Drones may delay getting people the help they need in emergencies, while also putting the drone operators in harm’s way, state officials said in a recent press conference.
Jennie Granger, deputy secretary for Multimodal Transportation in the Pennsylvania Department of Transportation (PennDOT), said her department is "excited about the potential that drone technology holds. But as with any new technology, it’s critical that safety is at the forefront of the conversation, and that all drone operators follow FAA regulations when operating.”
Also at the Jan. 31 press conference in Hershey were representatives of the Pennsylvania State Police, Pennsylvania Emergency Management Agency, Office of the State Fire Commissioner, the Department of Health, and Penn State Health Life Lion Critical Care Transport. They all highlighted the danger that unmanned aircraft can pose to helicopters in emergencies.
“The safety of the troopers in state police helicopters and everyone on the ground is our top priority when flying any mission,” said Captain Gary Vogue, director of the Tactical Operations Division of the Pennsylvania State Police Bureau of Emergency and Special Operations. “A police helicopter’s flight path and altitude may change abruptly and with little warning. We ask drone operators to keep safety in mind and leave the area or land their unmanned aircraft when they see a police or EMS helicopter in the sky.”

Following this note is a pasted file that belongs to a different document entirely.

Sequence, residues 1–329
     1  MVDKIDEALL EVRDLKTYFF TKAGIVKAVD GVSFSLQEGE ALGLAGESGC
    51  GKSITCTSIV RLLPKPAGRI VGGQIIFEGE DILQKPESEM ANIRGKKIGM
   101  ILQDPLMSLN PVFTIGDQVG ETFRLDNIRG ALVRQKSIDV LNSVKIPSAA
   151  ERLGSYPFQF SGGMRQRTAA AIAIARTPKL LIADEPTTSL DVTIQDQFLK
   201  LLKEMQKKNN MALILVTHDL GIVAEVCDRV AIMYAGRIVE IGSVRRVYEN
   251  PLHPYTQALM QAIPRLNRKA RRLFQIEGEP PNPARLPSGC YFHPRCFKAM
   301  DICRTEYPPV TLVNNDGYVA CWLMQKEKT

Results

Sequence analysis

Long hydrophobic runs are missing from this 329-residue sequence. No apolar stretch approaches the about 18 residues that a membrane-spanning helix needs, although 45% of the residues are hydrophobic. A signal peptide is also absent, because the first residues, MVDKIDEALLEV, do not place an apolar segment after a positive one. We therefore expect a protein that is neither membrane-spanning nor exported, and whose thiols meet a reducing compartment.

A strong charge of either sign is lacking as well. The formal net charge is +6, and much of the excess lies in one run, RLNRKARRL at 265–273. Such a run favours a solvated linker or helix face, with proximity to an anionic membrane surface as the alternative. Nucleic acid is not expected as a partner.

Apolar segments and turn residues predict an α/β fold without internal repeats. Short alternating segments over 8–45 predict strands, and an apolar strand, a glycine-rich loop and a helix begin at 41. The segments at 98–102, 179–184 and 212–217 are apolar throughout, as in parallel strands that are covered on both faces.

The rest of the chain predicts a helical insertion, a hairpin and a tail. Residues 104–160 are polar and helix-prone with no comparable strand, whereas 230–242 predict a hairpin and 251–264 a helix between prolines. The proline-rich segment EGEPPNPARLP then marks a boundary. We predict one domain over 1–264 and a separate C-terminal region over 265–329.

According to the Federal Aviation Administration (FAA), more than 1.5 million drones are registered in the United States, and they are being used for everything from recreation to commercial and military applications.
All drones must be registered with the FAA and follow FAA guidelines. One of those guidelines is to not interfere with emergency response activities.
“What drone operators may not realize is that an EMS helicopter cannot land when there is a drone in the vicinity,” said Ray Barishansky, Deputy Secretary for Health Preparedness and Community Protection. “This means that there may be a significant delay to getting care to a patient. This is not just an inconvenience, but it can be a life-or-death situation.”
There are 81 licensed air ambulances in Pennsylvania. In 2019, there were more than 21,000 calls for air medical services. First responders also use drones to search for missing persons, to fight fires, and to protect public safety.
State Fire Commissioner Bruce Trego said drones are providing state departments with "new capabilities, and affording them critical situational awareness data that saves lives. These benefits are not without cost, however, and we want to ensure that operators are using them safely and in accordance with the applicable laws.”
The FAA is responsible for the safety of U.S. airspace. Anyone who operates a drone illegally could face civil penalties and potentially criminal prosecution. For more information on drone operation and registration, visit faa.gov.